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story.lead_photo.caption Rep. Bruce Cozart (left), R-Hot Springs, is shown in this file photo.

The House of Representatives on Thursday unanimously passed a measure to raise Arkansas' minimum teacher salary by $4,000 over the next four years.

Under House Bill 1145 by Rep. Bruce Cozart, R-Hot Springs, a starting teacher with a bachelor's degree would make a minimum of $32,800 next year and $36,000 by 2023. That same teacher now makes $31,800 a year.

The plan is backed by Gov. Asa Hutchinson, who made raising the lowest level of teacher pay a pillar of his re-election campaign and legislative agenda. The executive branch has identified $60 million in state funds to help 168 public school districts meet the proposed new standard. The state has 238 districts.

"I am grateful for the support by the members in passing my priority to increase teacher pay to $36,000 over the next four years," the Republican governor said in a statement. "Additionally, I appreciate Rep. Cozart and his tremendous work in shepherding this legislation to this point. Our teachers are truly invaluable, and today's decision brings us one step closer to supporting our educators with more equitable and competitive salaries. I am encouraged by the momentum of the bill as it continues on to the Senate."

Arkansas' bottom teacher salary remained stagnant from 2009-15, but lawmakers have increased the minimum teacher salary schedule each of the last four years.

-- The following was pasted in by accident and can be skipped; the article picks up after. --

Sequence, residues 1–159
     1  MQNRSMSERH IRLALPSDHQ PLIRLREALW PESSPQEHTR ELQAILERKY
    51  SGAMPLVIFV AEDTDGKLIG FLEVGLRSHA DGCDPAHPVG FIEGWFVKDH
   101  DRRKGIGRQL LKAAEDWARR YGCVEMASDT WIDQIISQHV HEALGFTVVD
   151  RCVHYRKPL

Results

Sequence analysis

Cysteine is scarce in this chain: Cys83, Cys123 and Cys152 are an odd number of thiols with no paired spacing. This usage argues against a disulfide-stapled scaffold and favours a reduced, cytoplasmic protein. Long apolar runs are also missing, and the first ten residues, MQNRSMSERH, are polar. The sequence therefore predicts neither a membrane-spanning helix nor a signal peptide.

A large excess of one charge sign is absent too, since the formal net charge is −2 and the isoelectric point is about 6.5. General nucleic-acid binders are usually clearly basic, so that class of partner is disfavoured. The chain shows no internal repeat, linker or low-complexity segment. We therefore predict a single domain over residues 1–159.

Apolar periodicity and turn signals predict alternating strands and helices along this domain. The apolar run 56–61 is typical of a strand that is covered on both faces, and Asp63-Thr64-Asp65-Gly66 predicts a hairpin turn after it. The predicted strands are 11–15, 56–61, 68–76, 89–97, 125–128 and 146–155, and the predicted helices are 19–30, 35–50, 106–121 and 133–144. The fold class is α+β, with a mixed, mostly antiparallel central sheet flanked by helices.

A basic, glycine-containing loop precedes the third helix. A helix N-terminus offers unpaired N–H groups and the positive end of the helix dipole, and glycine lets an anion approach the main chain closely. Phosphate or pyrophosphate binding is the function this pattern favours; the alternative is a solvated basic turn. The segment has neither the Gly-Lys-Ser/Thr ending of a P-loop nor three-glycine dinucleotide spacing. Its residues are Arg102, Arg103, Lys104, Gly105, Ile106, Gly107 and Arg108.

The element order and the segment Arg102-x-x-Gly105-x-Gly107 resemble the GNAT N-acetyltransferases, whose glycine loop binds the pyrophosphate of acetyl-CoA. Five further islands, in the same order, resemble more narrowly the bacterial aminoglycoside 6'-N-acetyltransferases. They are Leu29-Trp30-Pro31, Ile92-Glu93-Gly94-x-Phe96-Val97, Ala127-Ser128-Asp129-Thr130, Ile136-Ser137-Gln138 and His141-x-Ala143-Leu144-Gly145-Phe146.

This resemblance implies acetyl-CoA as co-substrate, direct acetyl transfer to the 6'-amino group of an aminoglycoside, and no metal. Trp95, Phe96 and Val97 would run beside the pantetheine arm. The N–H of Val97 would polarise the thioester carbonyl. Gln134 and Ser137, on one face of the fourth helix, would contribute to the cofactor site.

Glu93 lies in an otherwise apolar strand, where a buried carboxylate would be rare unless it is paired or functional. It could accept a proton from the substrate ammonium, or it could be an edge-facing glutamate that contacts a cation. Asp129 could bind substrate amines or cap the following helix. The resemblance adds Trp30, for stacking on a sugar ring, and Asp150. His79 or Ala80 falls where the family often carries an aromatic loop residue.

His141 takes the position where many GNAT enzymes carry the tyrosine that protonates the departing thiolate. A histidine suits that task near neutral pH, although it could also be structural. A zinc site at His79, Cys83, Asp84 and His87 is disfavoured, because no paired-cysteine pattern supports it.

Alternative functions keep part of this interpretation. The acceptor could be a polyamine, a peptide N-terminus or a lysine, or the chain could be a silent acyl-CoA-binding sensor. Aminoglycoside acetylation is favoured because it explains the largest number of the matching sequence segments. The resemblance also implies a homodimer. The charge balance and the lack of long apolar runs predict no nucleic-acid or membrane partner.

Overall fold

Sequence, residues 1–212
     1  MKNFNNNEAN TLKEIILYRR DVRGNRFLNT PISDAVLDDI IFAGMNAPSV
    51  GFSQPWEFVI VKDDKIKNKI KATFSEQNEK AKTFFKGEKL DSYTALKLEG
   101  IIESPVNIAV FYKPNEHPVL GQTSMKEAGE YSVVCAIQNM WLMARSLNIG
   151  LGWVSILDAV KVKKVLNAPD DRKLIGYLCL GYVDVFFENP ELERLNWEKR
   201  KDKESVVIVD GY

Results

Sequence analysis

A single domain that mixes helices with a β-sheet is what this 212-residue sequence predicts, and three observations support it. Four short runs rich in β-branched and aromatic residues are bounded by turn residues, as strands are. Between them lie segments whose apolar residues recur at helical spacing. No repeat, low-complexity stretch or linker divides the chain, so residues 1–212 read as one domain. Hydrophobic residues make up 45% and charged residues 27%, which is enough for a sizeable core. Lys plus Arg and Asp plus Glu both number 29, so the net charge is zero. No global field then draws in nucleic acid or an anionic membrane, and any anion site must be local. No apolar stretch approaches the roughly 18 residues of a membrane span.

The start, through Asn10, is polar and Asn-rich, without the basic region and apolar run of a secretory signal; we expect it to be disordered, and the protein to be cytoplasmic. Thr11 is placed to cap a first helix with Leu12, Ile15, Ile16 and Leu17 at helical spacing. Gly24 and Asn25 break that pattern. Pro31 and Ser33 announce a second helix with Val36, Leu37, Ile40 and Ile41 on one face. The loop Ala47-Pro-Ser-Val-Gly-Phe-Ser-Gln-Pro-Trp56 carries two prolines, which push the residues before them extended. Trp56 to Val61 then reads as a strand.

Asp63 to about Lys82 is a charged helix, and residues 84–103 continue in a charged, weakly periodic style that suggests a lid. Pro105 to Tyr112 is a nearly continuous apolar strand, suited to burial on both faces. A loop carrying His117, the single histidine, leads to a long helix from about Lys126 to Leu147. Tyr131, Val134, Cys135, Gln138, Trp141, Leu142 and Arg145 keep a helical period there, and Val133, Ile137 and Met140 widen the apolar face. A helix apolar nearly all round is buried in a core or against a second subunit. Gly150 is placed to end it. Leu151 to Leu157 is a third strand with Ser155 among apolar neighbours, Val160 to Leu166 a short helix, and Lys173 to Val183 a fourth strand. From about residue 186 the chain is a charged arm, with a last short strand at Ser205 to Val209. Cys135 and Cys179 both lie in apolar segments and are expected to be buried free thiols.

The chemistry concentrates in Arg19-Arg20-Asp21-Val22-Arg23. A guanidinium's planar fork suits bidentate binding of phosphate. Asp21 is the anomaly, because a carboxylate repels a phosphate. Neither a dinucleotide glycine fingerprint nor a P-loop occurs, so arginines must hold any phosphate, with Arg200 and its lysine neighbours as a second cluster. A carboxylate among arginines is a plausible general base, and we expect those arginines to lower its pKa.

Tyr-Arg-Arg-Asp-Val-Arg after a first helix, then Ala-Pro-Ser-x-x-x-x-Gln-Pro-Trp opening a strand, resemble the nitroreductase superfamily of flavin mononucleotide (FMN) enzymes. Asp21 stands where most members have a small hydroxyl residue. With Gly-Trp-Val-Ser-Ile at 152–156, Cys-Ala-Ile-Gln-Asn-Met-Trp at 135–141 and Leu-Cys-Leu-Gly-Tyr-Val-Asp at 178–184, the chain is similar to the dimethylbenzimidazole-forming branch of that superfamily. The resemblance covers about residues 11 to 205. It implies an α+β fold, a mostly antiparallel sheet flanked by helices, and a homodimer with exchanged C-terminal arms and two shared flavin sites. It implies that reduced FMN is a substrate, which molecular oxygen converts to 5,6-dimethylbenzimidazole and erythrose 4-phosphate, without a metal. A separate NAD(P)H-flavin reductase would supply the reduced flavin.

The state's minimum teacher salary schedule ranks in the middle among southern states, but under HB1145, only Alabama would have a higher minimum teacher salary range. The raises will be reflected throughout the minimum salary schedule for teachers of all experience levels.

[RELATED: Complete Democrat-Gazette coverage of the Arkansas Legislature]

In his floor speech, Cozart noted that 67 public school districts here already pay teachers salaries above the minimum schedule, and those districts won't be affected by his legislation, which passed in the House 91-0.

He added that some superintendents are concerned about how to pay the higher salaries down the road. Financially depressed districts will receive money from the state on an as-needed basis to implement the raises, but those districts will remain on the hook to pay the increased amount after the state money runs out in four years.

Cozart promised to work with lawmakers over the next four years to ensure that state funding for teacher salaries is increased.

"I will not let them down," Cozart said from the well of the House.

Hutchinson said he had no concerns about continued funding beyond the four-year period contemplated in Cozart's legislation.

"It will be a continued part of the Adequacy Committee's discussions and recommendations well after the four years has passed," Hutchinson said, referring to the panel of legislators who review Arkansas' public school funding needs every two years.